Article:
[EM] Public elections are the ones that matter
Abd ul-Rahman Lomax
abd at lomaxdesign.com
Tue Nov 15 07:36:35 PST 2005
At 03:26 AM 11/15/2005, James Green-Armytage wrote:
> What if the interest groups that Bush relies upon for support (e.g.
>evangelical groups, energy companies, etc.) were strongly opposed to the
>Iraq war in the first place? Do you think he would have made the same
>decision? I doubt it. Policy isn't formed exclusively by governments;
>other organizations often play a large role. More democratic organization
>of these groups could augment the popular impact on policy.
Mr. Green-Armytage and I must have some kind of telepathy thing going....
Actually, what I've been writing about these oh-so-many months is
really what almost anyone would come up with who spends some time
with the fundamental problem of government. The problem is that we
usually don't do that; we look at this or that smaller problem, such
as how to hold an election. It's not that these smaller problems
aren't important, they are. But they exist in a context, and until we
look at the context, we are not going to understand how to solve the problems.
The context is how people organize or are organized to cooperate and
coordinate. The great shift that has taken place over the last few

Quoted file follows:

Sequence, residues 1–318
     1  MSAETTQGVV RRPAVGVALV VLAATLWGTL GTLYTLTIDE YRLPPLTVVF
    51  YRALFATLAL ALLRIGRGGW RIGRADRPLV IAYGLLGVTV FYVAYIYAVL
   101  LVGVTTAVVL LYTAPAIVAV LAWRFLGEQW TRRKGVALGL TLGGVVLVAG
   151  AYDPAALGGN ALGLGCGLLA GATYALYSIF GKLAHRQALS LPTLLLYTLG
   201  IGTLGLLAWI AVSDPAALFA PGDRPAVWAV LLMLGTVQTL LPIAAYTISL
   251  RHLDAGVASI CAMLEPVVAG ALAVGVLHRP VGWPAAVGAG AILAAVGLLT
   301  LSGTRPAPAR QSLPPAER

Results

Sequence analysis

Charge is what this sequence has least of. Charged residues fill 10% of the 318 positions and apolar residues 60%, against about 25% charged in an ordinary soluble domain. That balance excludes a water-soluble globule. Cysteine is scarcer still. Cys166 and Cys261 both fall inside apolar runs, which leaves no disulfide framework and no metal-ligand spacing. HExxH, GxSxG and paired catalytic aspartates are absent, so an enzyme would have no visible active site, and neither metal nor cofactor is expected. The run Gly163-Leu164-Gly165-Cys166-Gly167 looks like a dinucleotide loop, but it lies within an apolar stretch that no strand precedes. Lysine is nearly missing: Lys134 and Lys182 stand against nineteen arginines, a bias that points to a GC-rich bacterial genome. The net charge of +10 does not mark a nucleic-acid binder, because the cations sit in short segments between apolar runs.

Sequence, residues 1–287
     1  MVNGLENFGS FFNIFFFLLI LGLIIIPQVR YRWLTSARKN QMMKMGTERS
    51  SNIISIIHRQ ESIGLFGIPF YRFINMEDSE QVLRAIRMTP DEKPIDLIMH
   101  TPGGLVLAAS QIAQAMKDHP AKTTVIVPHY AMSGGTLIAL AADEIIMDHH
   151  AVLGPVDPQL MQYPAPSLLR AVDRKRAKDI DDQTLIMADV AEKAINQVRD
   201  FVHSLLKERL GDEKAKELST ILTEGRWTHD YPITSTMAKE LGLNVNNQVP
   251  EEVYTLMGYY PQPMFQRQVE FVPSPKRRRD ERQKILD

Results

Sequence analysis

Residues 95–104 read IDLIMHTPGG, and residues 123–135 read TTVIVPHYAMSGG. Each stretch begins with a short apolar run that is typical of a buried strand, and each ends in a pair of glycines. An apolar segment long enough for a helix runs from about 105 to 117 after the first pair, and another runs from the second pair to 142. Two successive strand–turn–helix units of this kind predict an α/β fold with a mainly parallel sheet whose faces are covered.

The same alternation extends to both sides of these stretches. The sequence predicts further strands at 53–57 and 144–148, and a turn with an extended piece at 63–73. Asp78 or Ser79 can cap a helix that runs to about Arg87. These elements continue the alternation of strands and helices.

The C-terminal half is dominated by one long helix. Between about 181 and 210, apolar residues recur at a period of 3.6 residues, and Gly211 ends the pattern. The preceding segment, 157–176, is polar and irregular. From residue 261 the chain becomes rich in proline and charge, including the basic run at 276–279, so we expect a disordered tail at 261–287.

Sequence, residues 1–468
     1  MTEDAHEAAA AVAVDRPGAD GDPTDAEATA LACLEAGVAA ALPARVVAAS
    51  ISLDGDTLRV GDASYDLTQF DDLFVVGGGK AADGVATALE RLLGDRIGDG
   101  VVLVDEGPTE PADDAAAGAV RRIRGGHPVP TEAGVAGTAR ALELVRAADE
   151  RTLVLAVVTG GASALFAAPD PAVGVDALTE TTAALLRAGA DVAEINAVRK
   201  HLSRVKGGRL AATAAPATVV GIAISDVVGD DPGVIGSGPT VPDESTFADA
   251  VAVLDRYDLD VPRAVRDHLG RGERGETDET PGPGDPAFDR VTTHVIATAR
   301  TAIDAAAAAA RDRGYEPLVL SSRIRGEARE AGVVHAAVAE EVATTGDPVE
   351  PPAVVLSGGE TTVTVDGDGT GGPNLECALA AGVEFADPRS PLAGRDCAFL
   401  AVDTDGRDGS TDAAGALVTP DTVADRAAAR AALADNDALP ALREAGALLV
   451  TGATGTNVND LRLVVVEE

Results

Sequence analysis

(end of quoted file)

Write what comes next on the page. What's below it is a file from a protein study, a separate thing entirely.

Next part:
centuries is that it has come to be widely accepted that government
by the consent of the people is not only more just, it is more
efficient, and societies based in this, to the extent that they enjoy
broad consent, will be more successful, partly because when people
consent, they are more likely to actively participate, to bring all
they have to the table.
We are also coming to understand, better, what has been called the
"wisdom of crowds." It shouldn't be a big surprise, really. The
intelligence of the human brain is vastly greater than that of any
individual cell; indeed, something new comes into existence when
cells can communicate rapidly.
And if one looks at how cells are organized into a central nervous
system, and if one is familiar with the kind of structures that
delegable proxy would create, one could not fail to be struck by the
similarity: these are fractal structures, where each link in the
structure is a filter and repeater (i.e., it is a selective repeater).
It is a little unclear who first came up with the idea of delegable
proxy. I *may* have some documents showing priority, but not by long,
and it is quite clear to me that the idea arose independently in at
least four different places. I've been working on it, in my mind
mostly, for about twenty years, but I started writing extensively
about it only in 2002.
Delegable proxy is a formalization of what people already do. People
*do* act as representatives for each other, informally, all the time.
It is what makes many small organizations work. Formalizing it,
though, will create a far more reliable structure, wherein people
will know exactly how to communicate with the collective, and the
collective will know exactly how to communicate with the people.
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